Dr. Krajcik: I want to accomplish a whole lot! Past attendings have told me that the only year you learn more than your intern year is your first year of practice, so I’m excited to continue fine-tuning my skills and knowledge and getting comfortable managing complex disease. I also know the Cleveland Clinic Lakewood Family Health Center is excited to help me become an educator, and I’m hoping to build up a strong skill set to effectively teach others. I always knew I wanted to be a doctor, and since discovering my passion for teaching, I want to make sure that everyone I’m training is as great as they can be, especially if they are going to be the ones taking care of my family and friends.

Dr. DeSimone: I’ll be practicing in Dover, which itself is not rural, it’s very suburban, but the areas it draws from are quite rural and have a shortage of all physicians, especially psychiatrists. I’ll be the only psychiatrist practicing in-person in my hospital, as well as for outpatients. During COVID-19, there was so much talk of redeployment, with psychiatrists asking themselves what they should do to help with the response. Now, it’s swung the other way, and general medicine physicians are beginning to ask themselves if they should be redeployed to psychiatry to help with the mental health response because the needs are so great.

Dr. Hamm: I’m looking forward to learning about the needs of my new community and the challenges patients face with equity, access to healthcare and the social determinants of health that are causing barriers to care. I want to make an impact on those barriers as a DO. In five years, I hope to be a well-established physician in the community who is working to expand GME in this area of North Carolina, because expanding GME will be key to combatting current primary care physician shortages. The idea of turning a rural, medically underserved area into a community with a robust primary care physician network is very exciting to me.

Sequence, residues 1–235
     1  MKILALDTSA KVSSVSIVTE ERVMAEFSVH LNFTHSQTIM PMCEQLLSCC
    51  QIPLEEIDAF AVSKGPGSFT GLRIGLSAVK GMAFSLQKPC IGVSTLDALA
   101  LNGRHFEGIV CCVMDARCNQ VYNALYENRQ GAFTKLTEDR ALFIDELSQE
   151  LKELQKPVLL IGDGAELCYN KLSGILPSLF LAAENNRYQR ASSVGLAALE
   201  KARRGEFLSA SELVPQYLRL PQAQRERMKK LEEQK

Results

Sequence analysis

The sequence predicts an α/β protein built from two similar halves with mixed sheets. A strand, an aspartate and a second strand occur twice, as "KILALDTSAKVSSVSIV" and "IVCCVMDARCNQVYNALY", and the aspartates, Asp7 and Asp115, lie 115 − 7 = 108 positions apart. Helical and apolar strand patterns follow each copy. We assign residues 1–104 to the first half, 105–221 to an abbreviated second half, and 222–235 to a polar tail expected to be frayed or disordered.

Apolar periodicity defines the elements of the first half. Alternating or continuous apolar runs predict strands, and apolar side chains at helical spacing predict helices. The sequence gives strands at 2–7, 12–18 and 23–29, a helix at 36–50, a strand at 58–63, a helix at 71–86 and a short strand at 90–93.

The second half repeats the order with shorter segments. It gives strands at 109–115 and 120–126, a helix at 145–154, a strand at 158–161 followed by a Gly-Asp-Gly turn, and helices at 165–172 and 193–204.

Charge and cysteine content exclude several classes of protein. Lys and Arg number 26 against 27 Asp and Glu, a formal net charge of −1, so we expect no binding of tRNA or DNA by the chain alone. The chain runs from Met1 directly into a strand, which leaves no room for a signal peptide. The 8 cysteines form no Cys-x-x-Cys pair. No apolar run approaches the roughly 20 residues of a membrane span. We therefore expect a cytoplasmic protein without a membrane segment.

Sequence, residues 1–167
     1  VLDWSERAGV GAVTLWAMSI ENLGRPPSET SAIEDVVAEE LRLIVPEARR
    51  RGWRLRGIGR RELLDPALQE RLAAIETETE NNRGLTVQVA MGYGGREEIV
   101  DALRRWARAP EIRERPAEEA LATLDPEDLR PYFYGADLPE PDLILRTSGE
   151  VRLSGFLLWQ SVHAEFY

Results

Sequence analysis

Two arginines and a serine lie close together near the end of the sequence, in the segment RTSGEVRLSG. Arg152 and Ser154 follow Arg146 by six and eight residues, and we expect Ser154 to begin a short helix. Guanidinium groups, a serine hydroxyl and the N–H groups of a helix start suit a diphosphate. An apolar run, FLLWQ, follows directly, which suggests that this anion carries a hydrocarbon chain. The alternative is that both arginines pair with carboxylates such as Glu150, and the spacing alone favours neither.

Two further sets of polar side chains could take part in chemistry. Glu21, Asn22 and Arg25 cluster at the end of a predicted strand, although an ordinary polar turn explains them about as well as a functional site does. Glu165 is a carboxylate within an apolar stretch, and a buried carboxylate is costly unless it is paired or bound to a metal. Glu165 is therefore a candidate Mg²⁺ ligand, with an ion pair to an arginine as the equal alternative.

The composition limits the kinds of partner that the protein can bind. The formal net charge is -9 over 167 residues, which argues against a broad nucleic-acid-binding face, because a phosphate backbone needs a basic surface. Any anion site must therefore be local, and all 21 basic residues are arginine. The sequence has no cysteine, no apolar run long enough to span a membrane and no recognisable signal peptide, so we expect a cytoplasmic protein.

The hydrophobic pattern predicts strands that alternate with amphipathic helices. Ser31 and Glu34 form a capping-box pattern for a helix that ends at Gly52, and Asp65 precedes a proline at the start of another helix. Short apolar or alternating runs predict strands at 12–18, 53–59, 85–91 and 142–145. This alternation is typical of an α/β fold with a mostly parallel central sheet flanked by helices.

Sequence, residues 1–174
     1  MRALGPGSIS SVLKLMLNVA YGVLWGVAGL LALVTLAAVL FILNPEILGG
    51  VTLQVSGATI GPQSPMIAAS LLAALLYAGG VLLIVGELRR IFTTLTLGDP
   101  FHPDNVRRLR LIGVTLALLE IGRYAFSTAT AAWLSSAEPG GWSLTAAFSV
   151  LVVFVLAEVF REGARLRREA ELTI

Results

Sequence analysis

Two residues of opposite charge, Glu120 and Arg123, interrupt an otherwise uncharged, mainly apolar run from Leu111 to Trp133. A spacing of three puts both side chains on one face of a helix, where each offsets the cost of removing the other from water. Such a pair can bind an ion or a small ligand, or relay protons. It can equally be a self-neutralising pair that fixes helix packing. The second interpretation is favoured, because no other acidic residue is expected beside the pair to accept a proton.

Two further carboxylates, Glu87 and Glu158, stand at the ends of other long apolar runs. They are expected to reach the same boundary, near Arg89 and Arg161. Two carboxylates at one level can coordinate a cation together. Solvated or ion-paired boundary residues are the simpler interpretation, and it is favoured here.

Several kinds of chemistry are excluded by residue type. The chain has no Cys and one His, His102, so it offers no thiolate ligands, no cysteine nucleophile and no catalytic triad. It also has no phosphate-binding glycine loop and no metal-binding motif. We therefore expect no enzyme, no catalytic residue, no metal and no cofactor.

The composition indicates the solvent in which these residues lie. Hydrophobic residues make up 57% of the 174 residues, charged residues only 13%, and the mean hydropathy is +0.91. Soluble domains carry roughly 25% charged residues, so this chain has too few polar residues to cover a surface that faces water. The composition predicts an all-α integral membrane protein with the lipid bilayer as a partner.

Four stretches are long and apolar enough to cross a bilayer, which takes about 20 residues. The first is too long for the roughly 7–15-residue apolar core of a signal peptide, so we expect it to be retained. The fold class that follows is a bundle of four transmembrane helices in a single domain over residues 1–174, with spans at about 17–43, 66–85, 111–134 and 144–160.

Q: What was the best thing about your time in the RFC?

Dr. Krajcik: I’ve really appreciated the level of trust that AACOM and AOGME put in our Council to nominate various individuals to organizations, board positions and other leadership opportunities. It’s been great to see my colleagues from past years have exciting, new opportunities, and to support them as I grow my own journey. I love that the RFC has helped both myself and my network succeed.

Dr. DeSimone: I really enjoyed having the opportunity to submit abstracts to Educating Leaders on behalf of the RFC. I was passionate about contributing to education and academia, and I had the full support of board. We submitted two abstracts, both were accepted, and we were able to collaborate with other AACOM groups. It was really nice to have interdisciplinary crosstalk with other attending organizations.

Dr. Hamm: There were many, but probably the best thing about the RFC was spending time with my osteopathic resident and fellow colleagues and friends—sharing experiences, challenges, frustrations, best practices and interesting ideas that could be applied not only to myself but to my program to make it better. Residency is tough but having a network to rely on makes the process and journey a much more valuable experience.


To learn more about the RFC, and to join, please visit the Council web page.